The Sigh: Correction of Common Vocal Issues

By this stage of the process, your Speech Coach or Voice Coach should have a better understanding of where the issues lie so you can begin the process of healing and change.

So many people pick up unhealthy vocal habits during their lifetime, but these can be easily broken and changed once the speaker understands what the problem is and where the habit originated.  Follow these three easy steps to find unnecessary muscle tension.

The Tension Test:

  • First, begin by checking your jaw for tension.  There are two ways to do this; by pretending you are chewing a large invisible apple and to take a really overly large yawn.  Drop the jaw down and feel the jaw joint move slightly apart as you open your mouth downwards.
  • If you are doing the “apple” method, take big chews of your invisible apple and feel the jaw and tongue really dropping down and stretching the jaw muscles in a downward motion.  If this is slightly painful, it will show you how much tension you actually hold in this area and may alert you to the fact you are probably holding your jaw tightly throughout the day, or grinding your teeth at night.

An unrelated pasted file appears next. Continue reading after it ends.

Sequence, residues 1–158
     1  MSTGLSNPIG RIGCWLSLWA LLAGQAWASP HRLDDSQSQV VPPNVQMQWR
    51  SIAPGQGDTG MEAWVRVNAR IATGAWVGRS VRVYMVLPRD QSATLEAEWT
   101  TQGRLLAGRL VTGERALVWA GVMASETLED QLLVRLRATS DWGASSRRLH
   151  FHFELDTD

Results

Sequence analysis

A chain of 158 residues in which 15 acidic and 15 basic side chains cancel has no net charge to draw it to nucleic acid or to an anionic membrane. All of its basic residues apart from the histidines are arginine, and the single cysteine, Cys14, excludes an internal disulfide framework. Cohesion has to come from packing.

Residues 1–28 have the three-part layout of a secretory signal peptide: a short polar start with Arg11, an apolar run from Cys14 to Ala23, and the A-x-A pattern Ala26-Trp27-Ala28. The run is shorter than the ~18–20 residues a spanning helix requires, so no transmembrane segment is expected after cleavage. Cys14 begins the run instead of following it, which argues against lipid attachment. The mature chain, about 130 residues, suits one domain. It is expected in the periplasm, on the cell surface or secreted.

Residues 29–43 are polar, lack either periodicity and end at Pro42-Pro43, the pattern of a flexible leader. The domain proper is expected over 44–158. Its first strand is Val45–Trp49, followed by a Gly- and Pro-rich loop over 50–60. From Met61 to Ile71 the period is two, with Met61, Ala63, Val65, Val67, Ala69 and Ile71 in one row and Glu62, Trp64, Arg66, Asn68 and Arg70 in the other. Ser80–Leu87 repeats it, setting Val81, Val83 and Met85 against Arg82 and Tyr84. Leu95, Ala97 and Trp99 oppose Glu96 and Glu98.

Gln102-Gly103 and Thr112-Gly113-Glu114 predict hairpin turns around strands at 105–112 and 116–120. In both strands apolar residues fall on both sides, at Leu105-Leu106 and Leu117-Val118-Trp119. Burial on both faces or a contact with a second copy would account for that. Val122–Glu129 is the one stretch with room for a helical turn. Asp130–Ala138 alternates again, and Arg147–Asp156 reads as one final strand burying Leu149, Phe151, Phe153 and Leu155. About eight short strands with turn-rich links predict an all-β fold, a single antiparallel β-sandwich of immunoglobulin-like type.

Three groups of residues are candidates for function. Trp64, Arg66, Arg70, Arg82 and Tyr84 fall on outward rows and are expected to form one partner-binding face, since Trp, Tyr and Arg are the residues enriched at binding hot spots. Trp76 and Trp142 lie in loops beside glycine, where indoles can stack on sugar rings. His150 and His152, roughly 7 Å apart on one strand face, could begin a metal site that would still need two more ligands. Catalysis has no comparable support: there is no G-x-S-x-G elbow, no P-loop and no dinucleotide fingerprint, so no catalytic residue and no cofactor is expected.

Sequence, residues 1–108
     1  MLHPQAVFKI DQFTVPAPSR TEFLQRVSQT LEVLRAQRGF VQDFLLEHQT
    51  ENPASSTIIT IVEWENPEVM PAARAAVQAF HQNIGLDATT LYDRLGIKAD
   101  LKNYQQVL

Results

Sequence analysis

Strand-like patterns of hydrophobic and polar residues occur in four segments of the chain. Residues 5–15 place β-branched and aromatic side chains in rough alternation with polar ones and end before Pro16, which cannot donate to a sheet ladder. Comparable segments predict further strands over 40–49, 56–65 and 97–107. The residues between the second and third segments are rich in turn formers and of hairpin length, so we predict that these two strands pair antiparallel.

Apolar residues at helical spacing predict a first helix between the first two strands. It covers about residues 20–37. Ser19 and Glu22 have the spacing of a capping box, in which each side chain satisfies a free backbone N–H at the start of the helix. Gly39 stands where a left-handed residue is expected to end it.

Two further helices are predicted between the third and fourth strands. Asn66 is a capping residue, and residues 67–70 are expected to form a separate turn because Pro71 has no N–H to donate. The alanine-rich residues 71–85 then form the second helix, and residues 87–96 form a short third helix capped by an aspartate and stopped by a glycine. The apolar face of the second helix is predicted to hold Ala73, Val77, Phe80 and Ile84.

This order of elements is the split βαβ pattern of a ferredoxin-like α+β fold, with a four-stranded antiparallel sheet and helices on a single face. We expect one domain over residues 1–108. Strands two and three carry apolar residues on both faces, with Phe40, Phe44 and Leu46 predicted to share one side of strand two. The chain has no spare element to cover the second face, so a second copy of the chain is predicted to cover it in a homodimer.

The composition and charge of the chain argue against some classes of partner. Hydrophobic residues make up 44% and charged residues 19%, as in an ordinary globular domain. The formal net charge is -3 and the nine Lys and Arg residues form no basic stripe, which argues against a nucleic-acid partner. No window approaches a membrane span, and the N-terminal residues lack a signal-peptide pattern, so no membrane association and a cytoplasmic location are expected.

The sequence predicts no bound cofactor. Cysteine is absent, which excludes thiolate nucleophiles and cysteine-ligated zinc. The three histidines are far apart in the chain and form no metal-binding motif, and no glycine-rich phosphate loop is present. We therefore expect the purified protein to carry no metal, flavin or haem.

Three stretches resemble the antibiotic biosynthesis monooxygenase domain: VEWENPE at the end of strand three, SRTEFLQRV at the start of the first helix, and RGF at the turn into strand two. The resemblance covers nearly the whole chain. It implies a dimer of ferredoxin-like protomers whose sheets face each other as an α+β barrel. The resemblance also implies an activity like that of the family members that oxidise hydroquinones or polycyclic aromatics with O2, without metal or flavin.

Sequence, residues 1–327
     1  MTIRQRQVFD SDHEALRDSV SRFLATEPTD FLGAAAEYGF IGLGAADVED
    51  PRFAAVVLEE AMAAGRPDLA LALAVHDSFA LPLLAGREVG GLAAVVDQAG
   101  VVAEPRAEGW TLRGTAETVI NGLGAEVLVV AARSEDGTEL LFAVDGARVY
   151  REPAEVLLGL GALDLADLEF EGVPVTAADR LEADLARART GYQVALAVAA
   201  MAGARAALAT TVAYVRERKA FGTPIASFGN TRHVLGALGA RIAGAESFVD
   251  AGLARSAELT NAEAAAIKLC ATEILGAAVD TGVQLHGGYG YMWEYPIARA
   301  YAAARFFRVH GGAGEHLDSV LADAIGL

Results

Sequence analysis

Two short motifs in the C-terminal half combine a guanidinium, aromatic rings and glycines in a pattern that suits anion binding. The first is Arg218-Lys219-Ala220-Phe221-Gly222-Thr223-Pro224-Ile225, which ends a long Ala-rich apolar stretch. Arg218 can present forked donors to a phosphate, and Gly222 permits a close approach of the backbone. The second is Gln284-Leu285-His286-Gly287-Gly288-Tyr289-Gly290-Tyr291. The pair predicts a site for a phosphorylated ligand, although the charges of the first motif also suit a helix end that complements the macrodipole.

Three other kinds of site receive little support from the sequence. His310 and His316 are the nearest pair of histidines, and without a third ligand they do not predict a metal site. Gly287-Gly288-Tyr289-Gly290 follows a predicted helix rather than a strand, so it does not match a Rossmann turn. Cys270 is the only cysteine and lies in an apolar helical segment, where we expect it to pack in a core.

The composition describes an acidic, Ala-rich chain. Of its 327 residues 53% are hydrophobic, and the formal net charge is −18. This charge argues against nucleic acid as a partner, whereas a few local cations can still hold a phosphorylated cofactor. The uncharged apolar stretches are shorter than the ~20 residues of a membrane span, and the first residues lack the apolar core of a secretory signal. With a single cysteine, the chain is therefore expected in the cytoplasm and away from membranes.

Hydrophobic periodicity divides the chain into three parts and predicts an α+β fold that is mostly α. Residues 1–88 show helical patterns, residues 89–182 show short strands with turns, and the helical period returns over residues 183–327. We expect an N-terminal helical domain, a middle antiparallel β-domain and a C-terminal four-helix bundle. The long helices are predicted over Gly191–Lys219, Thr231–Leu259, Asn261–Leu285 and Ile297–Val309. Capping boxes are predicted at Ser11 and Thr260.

• Next take a big long sigh – like a yawn.  Open the mouth, take a deep breath in and SIGHHHHHHHH loudly as you allow the air and sound to escape.  Allow the air to flow gently with the sound of AH as you sigh in a downward scale fashion (from high to low).  This will loosen and stretch the vocal chords along their full length and relax the muscles in the throat and jaw area.

During a Voice Coaching session with Vocal Coach Elisa James, you will become aware of how much tension you are holding and in which muscles.  This awareness of tension in the face, jaw and neck will be paramount to your vocal progress and success.  If you are using too many muscles unnecessarily, you will feel vocal fatigue much more quickly.  The object of good vocal production is to be effective and efficient with energy systems for the best sound possible with the least amount of strain.

Another good test is to feel the striate muscles in the back of the neck with your hand.  Voluntary control over these neck muscles will allow us to use our voice properly without over-straining the neck or throat area.  To test this, place your hand over the back of the neck and speak clearly for a few minutes.  Notice when you raise your pitch and volume that you may feel more tension.  By placing the vocal sound into the mask area you will notice that the tension is far less in the neck than if you use a throaty sound.

These and many other issues can be quickly corrected after a few sessions with Voice and Presentation coach Elisa James at